My 2015 Reading List

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My original goal was to read a book every two weeks and I was able to complete 29 books in 2015 with a bulk of my reading not starting until May 2015.  I guess it really pays to have a 3 hour commute a day.  I consumed the books in number of different way —

  1. Reading via Kindle App on my iPad Mini or iPhone 6 Plus
  2. Listening/Reading via Kindle App WhisperSync
  3. Listening via Amazon Audible App on my iPhone 6 Plus
  4. Listening via my Amazon Echo

Amazon WhisperSync was really a step up in terms of my ability to consume more content.  It was so nice to be able to switch between listening, reading or a combination thereof depending on where I was.  Additionally, I found that I could listen to a book at 1.5x to 2x the reading speed while still being able to absorb the content — effectively at 1/2 the audio book time.  Sure, it was as if the chipmunks were reading to me but whatever.

I generally gravitated towards business, leadership, autobiographies or science fiction books.  It seems that I ended up more on the non-fiction side of things but I did my best to alternate between genres.

Ok, let’s talk about some of my favorites — below are my top 5 non-fiction.

  1. The Innovators: How a Group of Hackers, Geniuses, and Geeks Created the Digital Revolution by Walter Isaacson — Generally speaking, I enjoy Walter Isaacson’s writing and I totally enjoyed this book from the historical computer science perspective.
  2. The Everything Store: Jeff Bezos and the Age of Amazon by Brad Stone — This was a fun read because I’m such a big fan of the entire Amazon ecosystem and I’m intrigued by Jeff Bezos’s larger than life character.
  3. Great by Choice: Uncertainty, Chaos, and Luck–Why Some Thrive Despite Them All by Jim Collins, Morten T. Hansen — Who doesn’t like Jim Collins books?  I’m sure its desired reading for any MBA student.  Very data driven and full of insight.
  4. The 48 Laws of Power by Robert Greene — this was somewhat of an “evil” book, full of devious techniques to wield power based on history.  But you have to take it with a grain of salt just like anything else.
  5. The Phoenix Project: A Novel about IT, DevOps, and Helping Your Business Win by Gene Kim, Kevin Behr, George Stafford — I enjoyed the storytelling writing of this book.  Different from other books on the topic, very enjoyable and full of insight.

Below are my top 4 fiction:

  1. Ready Player One: A Novel by Ernest Cline — simply loved this book.  So many great references from my generation.  It will be impossible for them to make it a movie effectively.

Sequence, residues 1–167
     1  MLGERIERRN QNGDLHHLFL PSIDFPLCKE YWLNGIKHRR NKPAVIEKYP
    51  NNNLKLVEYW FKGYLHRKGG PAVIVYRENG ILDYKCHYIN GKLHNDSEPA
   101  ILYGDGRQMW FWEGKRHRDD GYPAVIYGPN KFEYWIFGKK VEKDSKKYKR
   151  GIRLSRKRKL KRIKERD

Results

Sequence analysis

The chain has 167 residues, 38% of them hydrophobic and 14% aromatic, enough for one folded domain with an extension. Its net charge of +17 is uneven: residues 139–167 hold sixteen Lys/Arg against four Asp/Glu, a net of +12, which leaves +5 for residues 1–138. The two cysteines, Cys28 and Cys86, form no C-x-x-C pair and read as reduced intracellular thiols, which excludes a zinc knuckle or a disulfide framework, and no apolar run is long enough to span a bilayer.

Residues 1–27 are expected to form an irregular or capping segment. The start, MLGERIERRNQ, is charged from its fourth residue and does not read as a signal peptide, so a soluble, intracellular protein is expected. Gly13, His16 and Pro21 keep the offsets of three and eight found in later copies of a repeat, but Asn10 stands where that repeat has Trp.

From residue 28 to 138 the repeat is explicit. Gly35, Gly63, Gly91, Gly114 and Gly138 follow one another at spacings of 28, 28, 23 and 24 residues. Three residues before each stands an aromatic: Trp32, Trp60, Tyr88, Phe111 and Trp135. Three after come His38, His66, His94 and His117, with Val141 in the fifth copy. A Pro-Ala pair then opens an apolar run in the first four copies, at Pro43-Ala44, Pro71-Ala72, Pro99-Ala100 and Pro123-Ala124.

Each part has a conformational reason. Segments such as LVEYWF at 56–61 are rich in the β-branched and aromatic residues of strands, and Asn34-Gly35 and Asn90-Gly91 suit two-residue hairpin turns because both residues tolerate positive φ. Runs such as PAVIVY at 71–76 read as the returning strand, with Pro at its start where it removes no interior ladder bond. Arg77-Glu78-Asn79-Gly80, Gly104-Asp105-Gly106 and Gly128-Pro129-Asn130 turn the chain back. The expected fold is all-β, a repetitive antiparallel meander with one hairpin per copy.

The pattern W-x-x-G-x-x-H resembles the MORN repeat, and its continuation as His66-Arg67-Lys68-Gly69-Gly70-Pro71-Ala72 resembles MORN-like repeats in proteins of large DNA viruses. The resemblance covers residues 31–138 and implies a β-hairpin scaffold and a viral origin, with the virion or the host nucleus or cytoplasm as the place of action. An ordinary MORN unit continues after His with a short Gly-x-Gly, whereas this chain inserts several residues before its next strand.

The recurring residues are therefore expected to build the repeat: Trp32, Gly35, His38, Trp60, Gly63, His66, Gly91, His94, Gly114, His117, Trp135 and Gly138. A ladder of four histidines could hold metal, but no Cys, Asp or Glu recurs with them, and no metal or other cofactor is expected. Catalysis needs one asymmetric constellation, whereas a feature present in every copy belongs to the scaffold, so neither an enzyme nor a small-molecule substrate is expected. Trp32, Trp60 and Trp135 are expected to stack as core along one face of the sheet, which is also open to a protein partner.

2. The Martian by Andy Weir — I read this book before the movie came out and the book is 1000x better than the movie.  The inner dialog of the main character in the book is so fun.
  3. Wool by Hugh Howey — Post apocalyptic storytelling with very fun twists and turns.
  4. Station Eleven by Emily St. John Mandel — Similar to above but the character development really stood out for me.  Not sure why I gravitate towards there “world is ending” books.

Below is my complete list of books in the order that I read them:

My goal is get over 40 for 2016 so please send me some good book recommendations!  I’d love to hear them!

Where’s Renato?

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Holy smokes — my last post was 12/3/2013!  Where the hell have I been?  To be honest, blogging has not been a huge priority for me since I’ve been so focused on building “things”.  Most recently I’ve been helping companies like Atari, Rosetta Stone and Recurly (re)build their teams, realign technology stacks and launch new products.  So much fun.

Alas, its 2016 and I’ve promised myself that I would blog more and share my many years of technology building experience with the world — or share my favorite poop joke.  Haha.  My conservative goal is to write one blog post a month that isn’t just a YouTube video link.

I think I can.      

I think I can.

Stay tuned!

“If you go back back a few hundred years, what we take for granted today would seem like magic—being able to talk to people over long distances, to transmit images, flying, accessing vast amounts of data like an oracle. These are all things that would have been considered magic a few hundred years ago. So engineering is, for all intents and purposes, magic, and who wouldn’t want to be a magician?”

–Elon Musk